Or perhaps, in the near future, Android Auto will have “Parental Controls” much like other Android-powered devices do. Perhaps a bright, young 16 or 17 year old (like myself) gets a car either by their own purchasing or via their parents, and with these parental controls, that young person’s parents can see everywhere their child went, for how long they stopped somewhere, maybe even tell if the car was “bouncing around a lot” at some point with the air conditioning on…whatever…and then little Johnny comes home and will likely get his newfound freedom-of-a-car taken away from him. And, oh yes, Johnny isn’t going to be able to use that car at all until his parents say so, because in the future, Android Auto’s “Parental Controls” will make the car completely non-functional for little Johnny.

And besides, opt-in or not, what’s to stop Alphabet/Google from collecting all of that data anyways? Or what’s to stop them from sharing all of that data with other companies, or with “law enforcement” agencies and governments? What, you thought Google’s “Don’t be evil” slogan would come into play? I hate to break it to you (okay, I don’t really hate to break it to you), but ever since Google became Alphabet, Inc., their entire mission statement has changed. To quote directly from it:

Employees of Alphabet and its subsidiaries and controlled affiliates (“Alphabet”) should do the right thing – follow the law…

Follow the law” is in the first line of the new mission statement! And if they get a request from a government agency for data…the company Code of Conduct says for employees to DO AS THEY ARE TOLD BY THE LAW. Of course they’ll hand over all of that data that Android Auto collects. Hell, do you ever think you’re going to squeak by another traffic violation or felony in court ever again? All the court has to do is request the data on the speed you were driving on such-and-such a date, Alphabet/Google happily hands it over to them, and you’re screwed. No more benefit of the doubt, and no more opportunity to really challenge an unjust system (which every single government is).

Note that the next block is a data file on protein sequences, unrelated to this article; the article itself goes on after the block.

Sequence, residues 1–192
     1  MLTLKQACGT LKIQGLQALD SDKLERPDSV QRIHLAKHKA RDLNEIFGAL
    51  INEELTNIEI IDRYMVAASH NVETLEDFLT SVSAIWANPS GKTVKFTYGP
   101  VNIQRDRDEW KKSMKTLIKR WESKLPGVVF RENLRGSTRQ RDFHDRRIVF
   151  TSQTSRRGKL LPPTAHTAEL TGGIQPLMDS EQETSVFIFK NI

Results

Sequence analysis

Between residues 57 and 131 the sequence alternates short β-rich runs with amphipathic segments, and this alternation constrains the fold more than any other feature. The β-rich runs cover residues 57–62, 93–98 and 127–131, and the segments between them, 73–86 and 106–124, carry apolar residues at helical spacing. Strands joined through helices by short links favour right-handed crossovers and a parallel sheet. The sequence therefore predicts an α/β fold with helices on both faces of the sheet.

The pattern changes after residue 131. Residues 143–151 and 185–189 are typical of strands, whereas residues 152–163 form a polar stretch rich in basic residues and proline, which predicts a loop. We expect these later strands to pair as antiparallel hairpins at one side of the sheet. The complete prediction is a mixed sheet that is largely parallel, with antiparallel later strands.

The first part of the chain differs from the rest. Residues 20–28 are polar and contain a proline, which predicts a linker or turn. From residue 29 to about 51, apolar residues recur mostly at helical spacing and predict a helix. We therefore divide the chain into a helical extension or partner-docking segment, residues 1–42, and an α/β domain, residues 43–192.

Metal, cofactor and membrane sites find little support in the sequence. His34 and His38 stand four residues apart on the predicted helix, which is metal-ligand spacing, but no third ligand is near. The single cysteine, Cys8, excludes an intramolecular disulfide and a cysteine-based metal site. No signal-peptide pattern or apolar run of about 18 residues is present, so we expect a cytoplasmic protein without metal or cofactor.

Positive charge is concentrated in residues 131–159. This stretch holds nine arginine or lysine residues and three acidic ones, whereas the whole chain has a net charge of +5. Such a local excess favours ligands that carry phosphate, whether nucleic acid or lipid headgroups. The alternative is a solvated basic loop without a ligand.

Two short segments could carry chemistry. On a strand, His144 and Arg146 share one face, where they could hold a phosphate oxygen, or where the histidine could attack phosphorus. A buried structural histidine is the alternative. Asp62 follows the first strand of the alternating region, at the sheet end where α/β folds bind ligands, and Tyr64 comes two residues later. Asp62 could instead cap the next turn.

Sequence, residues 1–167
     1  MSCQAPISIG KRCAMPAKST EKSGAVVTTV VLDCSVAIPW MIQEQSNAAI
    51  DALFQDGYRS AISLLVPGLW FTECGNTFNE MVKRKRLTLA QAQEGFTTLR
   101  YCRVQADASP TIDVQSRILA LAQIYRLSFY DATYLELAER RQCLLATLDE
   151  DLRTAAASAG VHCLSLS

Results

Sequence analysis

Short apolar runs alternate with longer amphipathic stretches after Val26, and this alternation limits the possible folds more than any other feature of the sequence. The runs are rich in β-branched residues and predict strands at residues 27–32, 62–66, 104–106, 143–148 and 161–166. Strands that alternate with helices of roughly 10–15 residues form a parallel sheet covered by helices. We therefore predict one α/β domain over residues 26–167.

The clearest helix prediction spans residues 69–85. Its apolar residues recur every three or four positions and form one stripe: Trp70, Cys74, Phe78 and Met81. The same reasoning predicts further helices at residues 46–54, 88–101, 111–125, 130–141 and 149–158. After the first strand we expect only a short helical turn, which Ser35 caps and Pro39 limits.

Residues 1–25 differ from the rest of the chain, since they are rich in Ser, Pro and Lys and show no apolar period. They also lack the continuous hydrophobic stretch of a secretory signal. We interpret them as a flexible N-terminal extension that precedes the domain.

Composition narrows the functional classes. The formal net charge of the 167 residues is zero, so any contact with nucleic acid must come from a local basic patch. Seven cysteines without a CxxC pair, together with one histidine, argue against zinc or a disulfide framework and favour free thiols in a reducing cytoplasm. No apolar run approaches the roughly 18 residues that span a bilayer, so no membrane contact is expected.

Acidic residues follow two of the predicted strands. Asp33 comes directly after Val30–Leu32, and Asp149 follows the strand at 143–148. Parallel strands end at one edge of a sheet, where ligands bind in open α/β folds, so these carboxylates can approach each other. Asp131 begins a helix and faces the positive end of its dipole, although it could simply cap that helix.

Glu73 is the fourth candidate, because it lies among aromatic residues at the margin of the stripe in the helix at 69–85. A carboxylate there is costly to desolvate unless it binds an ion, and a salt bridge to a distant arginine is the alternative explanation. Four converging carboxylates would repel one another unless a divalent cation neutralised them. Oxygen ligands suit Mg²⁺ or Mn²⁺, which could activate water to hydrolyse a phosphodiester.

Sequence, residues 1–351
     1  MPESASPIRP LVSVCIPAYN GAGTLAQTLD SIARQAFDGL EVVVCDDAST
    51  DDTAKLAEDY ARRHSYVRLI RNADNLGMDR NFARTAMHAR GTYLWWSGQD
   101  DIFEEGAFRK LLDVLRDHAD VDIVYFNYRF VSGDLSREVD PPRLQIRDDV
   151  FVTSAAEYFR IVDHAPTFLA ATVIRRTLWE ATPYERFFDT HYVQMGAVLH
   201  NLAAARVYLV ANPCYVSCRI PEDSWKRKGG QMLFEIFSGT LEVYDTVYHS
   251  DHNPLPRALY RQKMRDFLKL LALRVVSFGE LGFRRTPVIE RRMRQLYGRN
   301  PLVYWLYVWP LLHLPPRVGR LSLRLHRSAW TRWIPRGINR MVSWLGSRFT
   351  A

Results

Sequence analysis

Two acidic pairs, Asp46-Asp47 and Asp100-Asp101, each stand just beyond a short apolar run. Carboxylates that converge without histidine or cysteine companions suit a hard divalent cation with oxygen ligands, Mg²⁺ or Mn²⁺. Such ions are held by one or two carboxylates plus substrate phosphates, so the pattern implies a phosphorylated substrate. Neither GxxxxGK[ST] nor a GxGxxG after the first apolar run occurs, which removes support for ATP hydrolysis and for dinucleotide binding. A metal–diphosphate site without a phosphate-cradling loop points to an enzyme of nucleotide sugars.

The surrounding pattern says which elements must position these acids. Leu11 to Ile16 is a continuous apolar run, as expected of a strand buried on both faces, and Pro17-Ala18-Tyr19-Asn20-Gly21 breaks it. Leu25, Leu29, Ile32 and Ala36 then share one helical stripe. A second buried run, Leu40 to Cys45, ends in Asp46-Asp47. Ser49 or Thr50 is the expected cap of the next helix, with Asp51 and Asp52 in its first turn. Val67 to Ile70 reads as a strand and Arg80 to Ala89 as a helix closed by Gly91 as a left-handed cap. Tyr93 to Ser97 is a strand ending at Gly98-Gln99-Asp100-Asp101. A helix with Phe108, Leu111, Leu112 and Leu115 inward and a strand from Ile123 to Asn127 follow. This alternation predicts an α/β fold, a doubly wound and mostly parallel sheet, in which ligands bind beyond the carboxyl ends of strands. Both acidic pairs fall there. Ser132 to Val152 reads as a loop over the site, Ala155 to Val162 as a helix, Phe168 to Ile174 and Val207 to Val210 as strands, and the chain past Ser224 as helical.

Oh, and forget your privacy.

Now let’s be clear about this: the auto industry has already been collecting this data for years (ever since–potentially–1996, but likely more when in-dash GPS systems became popular). Ford’s Global VP/Marketing that and Sales, Jim Farley, said something very interesting over a year ago that proves the point:

We know everyone who breaks the law, we know when you’re doing it. We have GPS in your car, so we know what you’re doing. By the way, we don’t supply that data to anyone.

How comforting that he said they don’t supply that data to anyone! I’ll just take your word for it. On second thought, no, I won’t take your for it. You have so much legal immunity that there’s no reason for you not to give that information to the NSA.

So maybe Android Auto is just the icing on the cake. Maybe, if you own a more modern car, your privacy while traveling doesn’t exist, anyway. But why give that information to Google? Hell, when whatever Apple’s real plans are for cars in the future, why give that information to Apple? The more corporations that have your data, the greater you chances of that data being breached or used against you become. Maybe if Google and other corporations were actually anonymizing the data they collect, I’d feel a little better about it, but they don’t. You have an “Advertising ID” on you. You have an entire file, that is all centered around you. And they make bank off of it, and you get what? The ability to connect your phone more directly to your car? That’s a bullshit trade-off for what they do with your data.

None of this is “best practices” for any business, folks.

So fuck’em. Fuck Alphabet/Google. Fuck Apple. And fuck Android Auto.

Carpe lucem!